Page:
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SELECT

SELECT is a T-SQL command of the type Data Query Language (DQL). A SELECT query is used to retrieve rows from a table.

Prerequisite

Download sample database

Download the sample database here: AdventureWorks2019.bak.

Select the OLTP data that is used for most typical online transaction processing workloads.

Move the .bak file to your SQL Server backup location. The default location for a default instance of SQL Server 2019 is: C:\Program Files\Microsoft SQL Server\MSSQL15.MSSQLSERVER\MSSQL\Backup.

Restore to SQL Server

Next, you can use the .bak file to restore the sample database into your SQL Server.

Before you begin

  1. In the Object Explorer, click to expand AdventureWorks2019 > Tables.
  2. Select HumanResources.Employee, and then click New Query from the top ribbon bar. where,
  • HumanResources is the schema name.
  • Employee is a table in the above schema.
  1. Run the below statement to use the 'AdventureWorks2019' sample database.
USE AdventureWorks2019;
GO

SELECT T SQL statements

The statement is used to retrieve all of the columns or some columns based on certain clauses.

Syntax

SELECT [Arguments]
FROM <table_name>
WHERE <search_condition>
GROUP BY <group_by_expression>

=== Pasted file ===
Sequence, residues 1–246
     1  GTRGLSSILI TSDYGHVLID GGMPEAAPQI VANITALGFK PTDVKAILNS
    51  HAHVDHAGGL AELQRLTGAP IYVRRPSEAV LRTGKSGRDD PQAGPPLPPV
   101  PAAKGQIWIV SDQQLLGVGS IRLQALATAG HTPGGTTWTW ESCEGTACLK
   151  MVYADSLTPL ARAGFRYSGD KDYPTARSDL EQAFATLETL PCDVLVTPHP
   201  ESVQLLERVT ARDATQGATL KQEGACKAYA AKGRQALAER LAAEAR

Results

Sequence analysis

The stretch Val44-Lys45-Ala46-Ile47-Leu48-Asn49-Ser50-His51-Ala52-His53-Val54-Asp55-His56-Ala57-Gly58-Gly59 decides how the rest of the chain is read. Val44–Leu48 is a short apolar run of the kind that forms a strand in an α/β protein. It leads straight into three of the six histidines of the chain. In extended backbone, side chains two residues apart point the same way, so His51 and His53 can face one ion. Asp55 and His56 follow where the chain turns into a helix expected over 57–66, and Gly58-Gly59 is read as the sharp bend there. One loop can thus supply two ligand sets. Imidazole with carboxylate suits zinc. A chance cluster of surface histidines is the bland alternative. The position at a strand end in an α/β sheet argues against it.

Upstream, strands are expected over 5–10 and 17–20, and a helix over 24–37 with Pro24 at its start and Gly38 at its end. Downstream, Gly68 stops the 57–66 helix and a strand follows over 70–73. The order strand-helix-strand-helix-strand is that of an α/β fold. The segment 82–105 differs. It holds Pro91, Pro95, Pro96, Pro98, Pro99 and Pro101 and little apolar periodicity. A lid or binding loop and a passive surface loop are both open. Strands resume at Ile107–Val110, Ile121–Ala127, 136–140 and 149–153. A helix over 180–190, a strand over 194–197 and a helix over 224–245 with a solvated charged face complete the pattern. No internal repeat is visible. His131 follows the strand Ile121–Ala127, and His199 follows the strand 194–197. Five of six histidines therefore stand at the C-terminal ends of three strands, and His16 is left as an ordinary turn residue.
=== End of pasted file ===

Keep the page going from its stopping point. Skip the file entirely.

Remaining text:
HAVING <search_condition>
ORDER BY <order_expression> [ASC|DESC]

The Arguments may be any of the following:

  • ALL: The result set returns all the rows and columns, and may include duplicate values. 'ALL' is the default.
  • DISTINCT: Returns unique rows.
  • column_list: A single column name, or a list of comma-separated column names.
  • *: The result set returns all columns and rows from a table/view, as specified in the 'FROM' clause.

Some of the common select query clauses are:

Select to retrieve all rows and columns

SELECT * FROM HumanResources.Employee;

All rows

Get the count of all rows in a table

SELECT COUNT(*) FROM HumanResources.Employee;

Count of rows

Select certain columns

SELECT NationalIDNumber,JobTitle FROM HumanResources.Employee;

only2cols

Select columns and print an alias column name

--First column is renamed as 'SSN'
SELECT NationalIDNumber AS 'SSN', HireDate
FROM HumanResources.Employee;

Alias column name

Derived column

A derived column is based on the calculation results on another column(s).

SELECT ( VacationHours + SickLeaveHours ) AS 'TOTAL LEAVES' FROM HumanResources.Employee;

Derived column

Select distinct rows

DISTINCT keyword removes any duplicate row(s).

The query results in 290 rows

SELECT JobTitle FROM HumanResources.Employee;

The query results in 67 rows

SELECT DISTINCT JobTitle FROM HumanResources.Employee;

Limit the rows with the WHERE clause

  1. Equal to = operator
--List all the employees with a specific job title
SELECT * FROM HumanResources.Employee
WHERE JobTitle='Application Specialist';

single-jobTitle

  1. LIKE

The LIKE clause retrieves only the rows that match the search pattern (regular expression).

--Search with a regular expression - 'Assistant' anywhere in the text
SELECT DISTINCT JobTitle FROM HumanResources.Employee